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|Title: ||Associations with Prevalent and Incident Refractive Errors in Australian Schoolchildren|
|Authors: ||French, Amanda Nicole|
|Keywords: ||myopia, hyperopia, refractive errors, time outdoors, near work, education|
|Issue Date: ||13-Mar-2013|
|Publisher: ||Faculty of Health Sciences/University of Sydney|
|Abstract: ||Refractive errors, in particular myopia, are a leading cause of correctable visual impairment and pose significant costs through the need for correction and treatment of associated sight-threatening pathology. There is compelling evidence that environmental factors play a role in the development of myopic refractive errors with a number of risk factors proposed, most recently greater time spent outdoors has been shown to be protective for the development of myopia. Despite the large volume of research in this area, there is still a considerable amount that is not well understood or well documented.
The Sydney Myopia Study (SMS) was the first population-based study to document the prevalence of refractive errors in Australian schoolchildren. The Sydney Adolescent Vascular and Eye Study (SAVES), a 5-6 year follow-up of the SMS cohort was undertaken to determine the incidence of refractive errors and establish potentially causal factors for the development of myopia.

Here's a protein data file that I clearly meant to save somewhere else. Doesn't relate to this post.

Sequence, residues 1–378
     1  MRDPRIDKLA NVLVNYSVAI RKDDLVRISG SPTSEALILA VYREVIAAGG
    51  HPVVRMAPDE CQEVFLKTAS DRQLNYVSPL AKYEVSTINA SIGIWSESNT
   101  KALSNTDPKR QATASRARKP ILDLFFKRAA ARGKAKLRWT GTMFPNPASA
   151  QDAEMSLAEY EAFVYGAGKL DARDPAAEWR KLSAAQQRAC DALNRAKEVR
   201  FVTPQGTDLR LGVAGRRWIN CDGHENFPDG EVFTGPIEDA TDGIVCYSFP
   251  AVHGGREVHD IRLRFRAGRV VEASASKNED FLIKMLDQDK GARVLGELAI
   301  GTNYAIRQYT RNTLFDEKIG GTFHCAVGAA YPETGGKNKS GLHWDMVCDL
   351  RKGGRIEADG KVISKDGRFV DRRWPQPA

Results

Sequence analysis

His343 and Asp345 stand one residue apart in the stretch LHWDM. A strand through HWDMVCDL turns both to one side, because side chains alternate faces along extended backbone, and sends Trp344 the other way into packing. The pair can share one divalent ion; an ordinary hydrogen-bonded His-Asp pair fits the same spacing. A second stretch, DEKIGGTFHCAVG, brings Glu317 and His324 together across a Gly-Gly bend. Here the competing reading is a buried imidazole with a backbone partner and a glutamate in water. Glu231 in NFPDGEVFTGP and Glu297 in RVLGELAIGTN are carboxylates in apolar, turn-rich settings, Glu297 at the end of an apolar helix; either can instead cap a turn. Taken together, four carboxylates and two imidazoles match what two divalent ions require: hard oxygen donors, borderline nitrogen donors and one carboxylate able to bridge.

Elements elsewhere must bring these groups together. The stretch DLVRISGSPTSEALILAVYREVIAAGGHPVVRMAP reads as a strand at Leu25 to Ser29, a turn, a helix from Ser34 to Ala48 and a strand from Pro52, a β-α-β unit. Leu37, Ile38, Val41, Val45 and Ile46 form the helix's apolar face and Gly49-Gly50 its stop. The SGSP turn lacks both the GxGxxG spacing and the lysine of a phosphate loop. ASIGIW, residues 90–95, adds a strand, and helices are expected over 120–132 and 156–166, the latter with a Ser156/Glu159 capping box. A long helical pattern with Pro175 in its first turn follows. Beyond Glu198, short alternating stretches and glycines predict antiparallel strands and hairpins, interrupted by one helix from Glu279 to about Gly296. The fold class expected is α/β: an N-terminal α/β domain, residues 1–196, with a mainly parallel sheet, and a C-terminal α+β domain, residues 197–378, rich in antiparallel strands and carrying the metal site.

The investigations contained in this thesis have demonstrated that the prevalence and incidence of myopia is low in Australian children. However, there is evidence of an increase in prevalence between birth cohorts. This thesis has also provided further evidence of the importance of environmental influences for refractive development and in particular, has shown that greater time spent outdoors is protective for the development of myopia in children, with this especially crucial at a young age. In addition we have documented variation in the prevalence of refractive errors between European Caucasian children living in Sydney and Northern Ireland as well as between secondary schools, with high academically achieving schools having a particularly high prevalence of myopia, which is potentially explicable by differences in environmental exposures. As a natural and modifiable protective factor, increasing the amount of time children spend outdoors has the potential to curb increases in the prevalence of myopia.|
|Access Level: ||Access is restricted to staff and students of the University of Sydney . UniKey credentials are required. Non university access may be obtained by visiting the University of Sydney Library.|
|Rights and Permissions: ||The author retains copyright of this thesis. It may only be used for the purposes of research and study. It must not be used for any other purposes and may not be transmitted or shared with others without prior permission.|
|Type of Work: ||PhD Doctorate|
|Type of Publication: ||Doctor of Philosophy Ph.D.|
|Appears in Collections:||Sydney Digital Theses (University of Sydney Access only)|
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